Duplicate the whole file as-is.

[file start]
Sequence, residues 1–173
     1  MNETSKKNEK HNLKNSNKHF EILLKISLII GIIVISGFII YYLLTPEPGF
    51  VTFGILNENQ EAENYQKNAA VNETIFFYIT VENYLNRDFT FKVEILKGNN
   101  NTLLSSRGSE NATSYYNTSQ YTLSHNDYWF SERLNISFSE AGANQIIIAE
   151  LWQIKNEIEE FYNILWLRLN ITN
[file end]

Sequence, residues 1–173
     1  MNETSKKNEK HNLKNSNKHF EILLKISLII GIIVISGFII YYLLTPEPGF
    51  VTFGILNENQ EAENYQKNAA VNETIFFYIT VENYLNRDFT FKVEILKGNN
   101  NTLLSSRGSE NATSYYNTSQ YTLSHNDYWF SERLNISFSE AGANQIIIAE
   151  LWQIKNEIEE FYNILWLRLN ITN